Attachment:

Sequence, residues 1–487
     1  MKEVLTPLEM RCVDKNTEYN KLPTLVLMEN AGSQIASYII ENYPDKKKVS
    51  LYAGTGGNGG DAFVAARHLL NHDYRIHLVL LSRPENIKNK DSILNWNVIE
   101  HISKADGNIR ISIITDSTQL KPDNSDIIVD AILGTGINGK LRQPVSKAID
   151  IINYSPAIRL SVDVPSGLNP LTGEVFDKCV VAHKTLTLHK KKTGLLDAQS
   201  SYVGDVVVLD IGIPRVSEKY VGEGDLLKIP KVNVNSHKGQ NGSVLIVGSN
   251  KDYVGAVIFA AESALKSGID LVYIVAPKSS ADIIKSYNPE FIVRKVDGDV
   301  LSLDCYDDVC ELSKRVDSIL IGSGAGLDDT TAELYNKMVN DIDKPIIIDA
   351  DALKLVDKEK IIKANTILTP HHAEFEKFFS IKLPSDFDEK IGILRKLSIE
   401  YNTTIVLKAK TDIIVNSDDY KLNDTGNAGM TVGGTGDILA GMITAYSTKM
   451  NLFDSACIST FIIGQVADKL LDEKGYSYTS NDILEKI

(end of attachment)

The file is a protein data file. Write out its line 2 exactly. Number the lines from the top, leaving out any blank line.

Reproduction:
     1  MKEVLTPLEM RCVDKNTEYN KLPTLVLMEN AGSQIASYII ENYPDKKKVS